The income-replacement ratio in Belarus – 43% – is close to many European countries. At the same time, Belarusians now earn extremely low wages. The researcher of IPM Research Centre Hleb Šymanovič notes that increasing the retirement age is unable to insure seniors from impoverishment and decreasing of living standards.
Low pensions force people to search for the new sources of income. Due to a reducing physical activity, seniors face a challenge in working at the same positions or finding new jobs without needed competencies.
Today only 11% of Belarusian elderly supplement pensions with additional work. This is the lowest labour force rate of 65+ population among the Post-Soviet countries.
A decreasing speed of the information processing, as well as a need of permanent repetition in the learning process, require customisation of educational programmes to demands of seniors. Organising more educational opportunities for elderly would develop an inclusive society where seniors have enough competencies for a modern labour market. With the development of technologies elderly require additional knowledge.
Digital education has a wide popularity in Hrodna Golden Age University and Minsk Third Age University. A success of computer literacy courses created by mobile provider MTS proves a high demand for digital education among seniors. The project aimed at educating seniors in digital sphere had more than 30 study centres and 2,000 graduates across Belarus.
Integration in education enables seniors with additional instruments for managing own and public issues independently. This could significantly reduce the workload of the social system and impact to the country’s economy.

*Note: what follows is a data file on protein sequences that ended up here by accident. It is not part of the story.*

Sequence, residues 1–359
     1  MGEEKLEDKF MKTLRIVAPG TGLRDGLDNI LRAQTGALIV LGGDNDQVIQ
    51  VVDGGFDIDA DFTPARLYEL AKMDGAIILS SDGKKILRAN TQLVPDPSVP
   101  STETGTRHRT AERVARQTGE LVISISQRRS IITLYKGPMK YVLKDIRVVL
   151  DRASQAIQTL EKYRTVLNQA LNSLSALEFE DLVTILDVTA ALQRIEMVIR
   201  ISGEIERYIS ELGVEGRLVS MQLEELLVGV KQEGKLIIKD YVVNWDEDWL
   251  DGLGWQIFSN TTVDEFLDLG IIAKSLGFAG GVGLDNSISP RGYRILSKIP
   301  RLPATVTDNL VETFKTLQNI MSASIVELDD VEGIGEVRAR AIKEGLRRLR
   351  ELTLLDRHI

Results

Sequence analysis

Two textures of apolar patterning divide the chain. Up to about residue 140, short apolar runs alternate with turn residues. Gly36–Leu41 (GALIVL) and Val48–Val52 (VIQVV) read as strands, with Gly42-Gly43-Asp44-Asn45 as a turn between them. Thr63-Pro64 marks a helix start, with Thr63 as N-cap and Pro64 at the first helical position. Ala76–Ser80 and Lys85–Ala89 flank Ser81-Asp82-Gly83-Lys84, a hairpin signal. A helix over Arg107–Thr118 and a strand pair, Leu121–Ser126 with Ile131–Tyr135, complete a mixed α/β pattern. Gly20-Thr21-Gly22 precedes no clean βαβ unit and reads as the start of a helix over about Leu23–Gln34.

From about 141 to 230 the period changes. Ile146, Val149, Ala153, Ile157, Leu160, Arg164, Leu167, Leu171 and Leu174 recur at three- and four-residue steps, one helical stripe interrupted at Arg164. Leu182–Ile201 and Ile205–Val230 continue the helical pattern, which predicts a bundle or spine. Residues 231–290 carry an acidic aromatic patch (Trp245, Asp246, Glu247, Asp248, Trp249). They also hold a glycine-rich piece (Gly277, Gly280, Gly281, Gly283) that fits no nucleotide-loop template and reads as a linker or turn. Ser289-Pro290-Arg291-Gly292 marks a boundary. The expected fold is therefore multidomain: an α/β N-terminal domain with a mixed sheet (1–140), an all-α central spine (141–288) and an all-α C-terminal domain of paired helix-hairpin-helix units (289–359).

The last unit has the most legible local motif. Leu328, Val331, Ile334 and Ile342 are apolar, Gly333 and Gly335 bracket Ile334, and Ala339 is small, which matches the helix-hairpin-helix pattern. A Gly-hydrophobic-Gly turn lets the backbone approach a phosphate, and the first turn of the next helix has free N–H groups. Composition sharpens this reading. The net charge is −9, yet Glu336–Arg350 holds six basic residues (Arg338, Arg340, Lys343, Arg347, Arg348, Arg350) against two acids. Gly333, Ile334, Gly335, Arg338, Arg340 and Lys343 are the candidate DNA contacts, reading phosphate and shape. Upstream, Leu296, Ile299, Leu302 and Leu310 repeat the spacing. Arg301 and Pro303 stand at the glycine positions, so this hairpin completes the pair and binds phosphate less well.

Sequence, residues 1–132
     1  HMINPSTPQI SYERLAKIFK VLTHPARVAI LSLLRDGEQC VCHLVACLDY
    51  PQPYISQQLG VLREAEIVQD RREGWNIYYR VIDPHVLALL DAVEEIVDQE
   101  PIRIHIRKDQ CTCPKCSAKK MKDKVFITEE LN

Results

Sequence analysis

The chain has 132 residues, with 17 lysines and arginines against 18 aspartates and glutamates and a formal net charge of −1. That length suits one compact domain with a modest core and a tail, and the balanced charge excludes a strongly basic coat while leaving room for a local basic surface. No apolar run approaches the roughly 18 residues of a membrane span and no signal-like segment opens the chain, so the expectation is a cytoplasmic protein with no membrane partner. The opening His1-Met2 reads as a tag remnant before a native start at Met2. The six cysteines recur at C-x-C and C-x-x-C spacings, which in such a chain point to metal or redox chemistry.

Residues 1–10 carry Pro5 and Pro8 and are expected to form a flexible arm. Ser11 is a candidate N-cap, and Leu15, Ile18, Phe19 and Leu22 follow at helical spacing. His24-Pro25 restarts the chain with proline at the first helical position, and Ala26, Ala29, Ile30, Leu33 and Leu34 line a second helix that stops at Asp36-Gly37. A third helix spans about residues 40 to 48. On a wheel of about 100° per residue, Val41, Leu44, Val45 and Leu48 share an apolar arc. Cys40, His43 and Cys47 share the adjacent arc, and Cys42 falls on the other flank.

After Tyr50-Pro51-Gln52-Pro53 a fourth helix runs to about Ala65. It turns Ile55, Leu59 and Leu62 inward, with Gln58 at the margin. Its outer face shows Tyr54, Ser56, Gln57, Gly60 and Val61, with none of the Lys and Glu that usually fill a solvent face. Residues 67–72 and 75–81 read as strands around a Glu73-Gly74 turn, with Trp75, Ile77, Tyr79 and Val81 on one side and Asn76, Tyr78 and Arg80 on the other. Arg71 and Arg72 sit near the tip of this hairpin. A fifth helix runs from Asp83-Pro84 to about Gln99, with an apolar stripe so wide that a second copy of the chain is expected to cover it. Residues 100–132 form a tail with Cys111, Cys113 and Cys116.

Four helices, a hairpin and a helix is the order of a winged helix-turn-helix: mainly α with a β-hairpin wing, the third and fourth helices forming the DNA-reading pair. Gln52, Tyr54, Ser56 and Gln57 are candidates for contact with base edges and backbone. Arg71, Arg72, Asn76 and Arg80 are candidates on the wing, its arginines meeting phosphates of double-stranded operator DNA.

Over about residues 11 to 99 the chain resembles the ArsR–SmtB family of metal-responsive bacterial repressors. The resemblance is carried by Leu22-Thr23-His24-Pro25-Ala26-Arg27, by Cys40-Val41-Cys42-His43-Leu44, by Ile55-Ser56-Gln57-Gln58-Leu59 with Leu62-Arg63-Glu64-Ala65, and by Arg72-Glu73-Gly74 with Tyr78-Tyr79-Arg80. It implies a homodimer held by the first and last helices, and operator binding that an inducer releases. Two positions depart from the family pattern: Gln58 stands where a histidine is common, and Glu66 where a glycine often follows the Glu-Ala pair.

It would also be beneficial for seniors and state to shorten expenses for medical care. Widening a promotion of healthy lifestyle with services like Texas medicare, physical activities, workshops, through education would have a positive impact on seniors life quality. Despite this, the Universities help to change a perception of elderly by the society, – believes a coordinator of the Third Age University in Minsk, Alena Stanislauchyk.
First Steps to Start
The fast ageing of the world demands to search for new approaches of seniors empowerment. In Belarus a share of 60+ population has overcome 20%. At the same time, low pensions and lack of professional competencies lead to low labour force participation of seniors. In such situation, education can become a lifeline for elderly Belarusians.
Four Third Age Universities with small amount of students across Belarus are struggling to provide educational opportunities for Belarusian seniors. An introduction of the French model in Belarus would allow reaching a progress in seniors education.
The state, civil society, academic institutions and seniors themselves can take responsibility for creation of the Third Age Universities and other educational platforms, as it often happens in Poland, Great Britain, Lithuania and other countries.
Development of the action plans for elderly in Belarus would positively reflect on the economic and social systems of the country. However, these steps are unrealistic until Belarusian seniors, society and government recognise a need for changes.
The 4th Annual Dutch-Belarusian-Polish Conference: Education as a Human Right